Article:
DOJ suit bewilders Microsoft's ‘always paranoid' Herbold

Though more subdued than the often-defensive Bill Gates or the feisty Steve Ballmer, Microsoft Chief Operating Officer Bob Herbold takes the same tough stance.

In an interview with PC Week, Herbold - the personification of Microsoft's kinder, gentler publicity push - said his company wants to resolve the Department of Justice suit quickly, but has no plans to free up its technology like Netscape, or to let its guard down.

"We're always paranoid," Herbold said, striking a familiar theme among Microsoft's leaders. He also repeated the company line that businesses are lining up to try to topple the dominant position of Microsoft, which currently provides operating systems to more than 90 percent of the world's computers.

Issue such as free source code and the Year 2000 bug were pushed to one side. Herbold said Microsoft has no plans to follow Netscape's lead and free any of its source code. And as for NT, which vendors hope will be out in time to beat the Year 2000 crunch, Herbold said: "The last thing we want to do is rush that product, so we want to keep those two issues separate."

He wouldn't discuss the details of any settlement talks with the DOJ or state attorneys general, which have filed suit against the company charging it with anti-competitive practices. Last-minute negotiations with government trustbusters broke down last month, prompting prosecutors to file their long-threatened suits.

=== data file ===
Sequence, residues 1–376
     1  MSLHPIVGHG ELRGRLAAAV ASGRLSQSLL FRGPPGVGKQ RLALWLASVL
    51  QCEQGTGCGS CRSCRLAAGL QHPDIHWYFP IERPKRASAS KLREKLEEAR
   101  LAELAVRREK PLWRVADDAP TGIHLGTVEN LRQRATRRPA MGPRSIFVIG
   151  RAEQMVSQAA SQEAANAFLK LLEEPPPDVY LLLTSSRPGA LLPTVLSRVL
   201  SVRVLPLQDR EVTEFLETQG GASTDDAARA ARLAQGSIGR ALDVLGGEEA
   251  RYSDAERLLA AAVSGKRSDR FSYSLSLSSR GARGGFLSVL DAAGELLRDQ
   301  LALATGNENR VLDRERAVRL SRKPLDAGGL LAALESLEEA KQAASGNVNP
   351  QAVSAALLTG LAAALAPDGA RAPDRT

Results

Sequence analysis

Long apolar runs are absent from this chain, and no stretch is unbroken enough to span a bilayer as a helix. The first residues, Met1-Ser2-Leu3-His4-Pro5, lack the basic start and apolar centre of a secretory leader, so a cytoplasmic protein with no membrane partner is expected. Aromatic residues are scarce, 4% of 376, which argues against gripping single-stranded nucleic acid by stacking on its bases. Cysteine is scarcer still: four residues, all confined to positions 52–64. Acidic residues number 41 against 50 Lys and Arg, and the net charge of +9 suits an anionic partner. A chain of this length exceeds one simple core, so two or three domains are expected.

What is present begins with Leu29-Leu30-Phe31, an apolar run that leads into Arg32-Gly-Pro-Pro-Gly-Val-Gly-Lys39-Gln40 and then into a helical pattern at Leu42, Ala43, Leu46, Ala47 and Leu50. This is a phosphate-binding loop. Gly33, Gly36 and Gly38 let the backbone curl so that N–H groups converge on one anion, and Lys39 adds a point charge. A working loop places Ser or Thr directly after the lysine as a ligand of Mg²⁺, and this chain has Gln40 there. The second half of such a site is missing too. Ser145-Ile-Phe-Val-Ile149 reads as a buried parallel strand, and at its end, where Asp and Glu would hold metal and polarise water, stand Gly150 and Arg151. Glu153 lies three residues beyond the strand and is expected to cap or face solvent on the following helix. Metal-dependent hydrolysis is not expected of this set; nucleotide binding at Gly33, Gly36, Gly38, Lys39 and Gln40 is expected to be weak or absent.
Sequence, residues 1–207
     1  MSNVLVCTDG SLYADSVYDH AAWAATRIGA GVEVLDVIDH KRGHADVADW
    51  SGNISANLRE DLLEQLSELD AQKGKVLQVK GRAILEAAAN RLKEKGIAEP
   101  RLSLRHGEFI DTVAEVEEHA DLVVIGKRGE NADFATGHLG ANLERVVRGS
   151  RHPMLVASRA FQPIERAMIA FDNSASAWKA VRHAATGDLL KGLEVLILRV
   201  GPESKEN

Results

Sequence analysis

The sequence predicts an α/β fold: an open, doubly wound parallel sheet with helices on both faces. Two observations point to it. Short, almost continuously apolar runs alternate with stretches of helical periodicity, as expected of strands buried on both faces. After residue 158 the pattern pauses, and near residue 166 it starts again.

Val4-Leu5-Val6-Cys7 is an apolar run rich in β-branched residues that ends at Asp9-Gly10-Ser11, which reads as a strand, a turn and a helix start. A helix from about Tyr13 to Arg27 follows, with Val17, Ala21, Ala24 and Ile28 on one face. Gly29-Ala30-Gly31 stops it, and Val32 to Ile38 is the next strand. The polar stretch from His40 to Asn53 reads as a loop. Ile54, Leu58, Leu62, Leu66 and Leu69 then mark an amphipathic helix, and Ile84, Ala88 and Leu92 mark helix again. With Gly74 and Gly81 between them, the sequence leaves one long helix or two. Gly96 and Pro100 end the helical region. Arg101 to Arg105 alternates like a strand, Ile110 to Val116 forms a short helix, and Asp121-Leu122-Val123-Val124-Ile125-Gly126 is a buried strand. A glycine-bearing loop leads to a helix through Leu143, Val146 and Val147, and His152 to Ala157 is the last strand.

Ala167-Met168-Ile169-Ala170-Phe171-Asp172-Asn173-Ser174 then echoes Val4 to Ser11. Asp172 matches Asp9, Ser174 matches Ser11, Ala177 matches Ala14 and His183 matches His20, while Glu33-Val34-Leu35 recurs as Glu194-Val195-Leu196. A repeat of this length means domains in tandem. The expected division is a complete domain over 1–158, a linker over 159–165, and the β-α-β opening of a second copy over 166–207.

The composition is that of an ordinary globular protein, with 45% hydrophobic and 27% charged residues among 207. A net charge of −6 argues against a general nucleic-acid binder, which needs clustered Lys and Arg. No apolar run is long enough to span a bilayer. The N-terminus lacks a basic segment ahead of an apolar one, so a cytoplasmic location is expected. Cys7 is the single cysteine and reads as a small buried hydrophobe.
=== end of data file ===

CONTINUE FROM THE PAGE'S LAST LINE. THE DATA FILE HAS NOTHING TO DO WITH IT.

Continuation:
However, he did go on to suggest that the U.S. government is overstepping its boundaries. "It's curious now that the government is engaged with Microsoft," Herbold said, "it's engaged with Intel, it's engaged with 3M," and listed several other companies under antitrust scrutiny. But instead of accusing the government directly of meddling in technology - as some of his colleagues have done - Herbold remarked philosophically: "These are curious times... We're doing the preparation we need to do. From the standpoint of getting this behind us, there's nothing we'd like to do more."

In the meantime, the company is holding briefing sessions to keep employees updated on the legal tangle while the company tries to remain focused on products such as the much-anticipated Windows NT 5.0, planned for release early next year.